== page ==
National Day

Hungarian Republic Day 2024: History, Wishes, Quotes, Celebration

Hungarian Republic Day is celebrated on October 23 every year. This day is to commemorate two major events in the history of Hungary. One is that the Hungarian people stand up against the Soviet Union, and the other is the establishment of Hungary in 1989. The Hungarian Revolution was an impulsive uprising that spread throughout Hungary. The whole country rebelled against the policies imposed on it by the local government and the Soviet Union. The revolution lasted from October 23 to November 10, 1956. Although the revolution failed, it played an important role in the disintegration of the Soviet Union many years later.

History of Hungarian Republic Day

After the end of World War II, Hungary has been under the control of the Soviet Union. Later, when democratic changes occurred in Austria, the Hungarians hoped for the same adjustment. Unfortunately, after the establishment of the Warsaw Pact in 1955, the hopes of the Hungarian people were shattered. In order to ask Hungary to carry out democratic changes and get rid of Soviet rule, Hungarian students held a protest in Budapest in 1956. It has the support of most people, and the number of protesters has been increasing, which has led to many protests across Hungary.

The Soviets tried to regain control by deploying tanks on the streets of Budapest. As a result, the Hungarian people rebelled against the local government until the Soviets called for a ceasefire and declared fair elections. The above event is called the Hungarian Revolution of 1956. To commemorate this event, the Hungarians announced the establishment of the Third Republic of Hungary on October 23, 1989. The Hungarians demanded some changes to the Hungarian Constitution, including allowing multi-party politics, public gatherings, and the establishment of separation of powers in the government.

Hungarian Republic Day Photo
Hungarian Republic Day Photo

Hungarian Republic Day Celebration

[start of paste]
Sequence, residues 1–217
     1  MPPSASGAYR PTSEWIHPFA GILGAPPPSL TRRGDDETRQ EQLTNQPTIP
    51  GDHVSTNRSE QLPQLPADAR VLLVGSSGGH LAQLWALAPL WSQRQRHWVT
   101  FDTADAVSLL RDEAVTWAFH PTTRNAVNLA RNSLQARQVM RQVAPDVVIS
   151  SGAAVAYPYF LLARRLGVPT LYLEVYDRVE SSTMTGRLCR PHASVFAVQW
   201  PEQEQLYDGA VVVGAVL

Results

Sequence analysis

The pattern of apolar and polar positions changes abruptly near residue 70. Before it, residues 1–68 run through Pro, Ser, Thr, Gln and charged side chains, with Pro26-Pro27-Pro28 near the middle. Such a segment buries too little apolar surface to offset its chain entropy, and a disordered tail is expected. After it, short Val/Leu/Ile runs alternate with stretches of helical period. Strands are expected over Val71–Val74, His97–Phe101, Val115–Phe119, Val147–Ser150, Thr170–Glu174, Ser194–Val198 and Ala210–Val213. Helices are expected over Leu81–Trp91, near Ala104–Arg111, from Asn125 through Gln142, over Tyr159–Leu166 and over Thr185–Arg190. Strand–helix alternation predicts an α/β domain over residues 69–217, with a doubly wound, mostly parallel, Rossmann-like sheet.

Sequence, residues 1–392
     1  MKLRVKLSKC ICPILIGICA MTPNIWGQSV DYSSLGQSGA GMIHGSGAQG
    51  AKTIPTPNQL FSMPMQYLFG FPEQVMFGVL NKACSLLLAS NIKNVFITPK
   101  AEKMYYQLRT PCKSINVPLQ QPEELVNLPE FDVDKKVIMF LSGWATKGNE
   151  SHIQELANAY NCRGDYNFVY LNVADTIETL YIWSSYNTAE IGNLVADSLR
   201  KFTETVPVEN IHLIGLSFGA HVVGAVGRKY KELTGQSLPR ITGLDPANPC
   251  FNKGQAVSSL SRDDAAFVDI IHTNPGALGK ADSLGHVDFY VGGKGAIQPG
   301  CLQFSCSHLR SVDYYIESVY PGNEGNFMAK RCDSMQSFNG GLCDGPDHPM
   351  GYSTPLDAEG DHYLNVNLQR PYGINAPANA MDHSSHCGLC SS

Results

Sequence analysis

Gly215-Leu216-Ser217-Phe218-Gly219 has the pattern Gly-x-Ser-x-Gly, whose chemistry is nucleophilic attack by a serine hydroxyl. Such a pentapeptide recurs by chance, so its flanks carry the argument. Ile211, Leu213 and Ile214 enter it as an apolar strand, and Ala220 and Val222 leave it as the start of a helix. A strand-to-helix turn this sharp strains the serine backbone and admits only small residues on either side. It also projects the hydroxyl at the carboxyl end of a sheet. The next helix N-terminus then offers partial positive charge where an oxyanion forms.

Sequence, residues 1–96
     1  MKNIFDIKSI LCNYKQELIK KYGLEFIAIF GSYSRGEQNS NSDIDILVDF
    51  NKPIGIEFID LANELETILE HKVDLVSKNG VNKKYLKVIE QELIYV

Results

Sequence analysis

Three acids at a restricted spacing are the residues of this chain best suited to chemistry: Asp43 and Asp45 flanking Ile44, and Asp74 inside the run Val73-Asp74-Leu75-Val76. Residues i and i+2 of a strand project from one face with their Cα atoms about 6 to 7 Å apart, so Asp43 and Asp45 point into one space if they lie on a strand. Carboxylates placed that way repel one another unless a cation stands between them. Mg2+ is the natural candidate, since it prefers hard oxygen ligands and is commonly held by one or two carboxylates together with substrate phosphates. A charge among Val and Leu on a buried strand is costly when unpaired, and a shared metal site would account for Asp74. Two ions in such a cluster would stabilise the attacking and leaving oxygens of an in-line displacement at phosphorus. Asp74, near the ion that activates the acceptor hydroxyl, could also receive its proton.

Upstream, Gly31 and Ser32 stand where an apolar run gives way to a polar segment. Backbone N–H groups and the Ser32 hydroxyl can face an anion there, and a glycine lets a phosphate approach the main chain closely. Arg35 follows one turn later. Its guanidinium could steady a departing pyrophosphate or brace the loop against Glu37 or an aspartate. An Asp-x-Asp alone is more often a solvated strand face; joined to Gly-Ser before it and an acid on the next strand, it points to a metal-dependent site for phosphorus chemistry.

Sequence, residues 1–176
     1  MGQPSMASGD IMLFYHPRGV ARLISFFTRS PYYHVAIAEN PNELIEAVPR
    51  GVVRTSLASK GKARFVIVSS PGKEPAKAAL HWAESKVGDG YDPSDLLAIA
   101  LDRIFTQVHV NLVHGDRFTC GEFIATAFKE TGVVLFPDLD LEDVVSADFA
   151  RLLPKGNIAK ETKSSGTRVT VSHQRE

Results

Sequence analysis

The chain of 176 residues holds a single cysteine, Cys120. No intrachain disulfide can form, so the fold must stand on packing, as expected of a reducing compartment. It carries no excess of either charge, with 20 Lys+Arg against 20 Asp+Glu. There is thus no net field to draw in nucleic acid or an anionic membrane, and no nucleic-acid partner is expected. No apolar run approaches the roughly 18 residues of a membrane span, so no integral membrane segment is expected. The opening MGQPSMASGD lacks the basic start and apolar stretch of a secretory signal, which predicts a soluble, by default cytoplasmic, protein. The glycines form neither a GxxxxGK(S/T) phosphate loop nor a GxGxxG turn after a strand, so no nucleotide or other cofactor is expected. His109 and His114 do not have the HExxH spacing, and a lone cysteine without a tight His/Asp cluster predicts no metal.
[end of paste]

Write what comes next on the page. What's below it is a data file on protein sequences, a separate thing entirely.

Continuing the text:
October 23 is Hungarian Republic Day. The main celebration will be a flag-raising ceremony in front of the parliament building at 9 am on October 23, followed by various programs in the afternoon, such as the prime minister’s keynote speech. The iconic symbol of this day is the Hungarian flag with a hole in the middle, which symbolizes the flag carried by the revolutionaries after they cut the communist Lakosi emblem from the middle in 1956.

Except for Christmas, most shops in Hungary are open on public holidays. Please note that if the holiday is a Monday, the museum and art gallery will not be open because they are closed every Monday. The bar and restaurant will be open. The Hungarian Parliament Building is free to enter on Republic Day, which means it will be busier than usual.

Some Facts about Hungary

1. Hungary used to be part of the Roman Empire. After the fall of the Roman Empire, the “Huns”—the people at the time—gave the country a name—Hungary.

2. It is one of the oldest countries in Europe. In contrast, Hungary’s territory is slightly smaller than Indiana. Hungary is also one of the 50 countries that lead the world in industrial carbon dioxide emissions.

3. Hungarian is a direct descendant of the Huns language. It is not an Indo-European language family. In addition to their mother tongue, many Hungarians speak English, German, French or (since World War II) Russian.

Hungary Landscape
Hungary Landscape

4. Communism rule became prominent in the country after World War II. By the late 1980s, the country owed $18 billion in debt, making it the country with the highest per capita debt in Europe.

5. Hungary joined NATO in 1999 and joined the European Union in 2004.

6. There are more than 1,500 spas in the country with Roman, Greek, and Turkish architectural styles.

7. Hungary is famous for its Nobel Prize winners. There are 13 such winners. They have won Nobel Prizes in all categories except “Peace.” However, all Nobel Prize winners have immigrated from the country.

8. Nearly 5% of their GDP is used for education, and as a result, their literacy rate reaches 99%. Hungary has approximately 77 higher education institutions, including 10 universities and 9 technical schools. In 2017, there were 91 men for every 100 women in the country.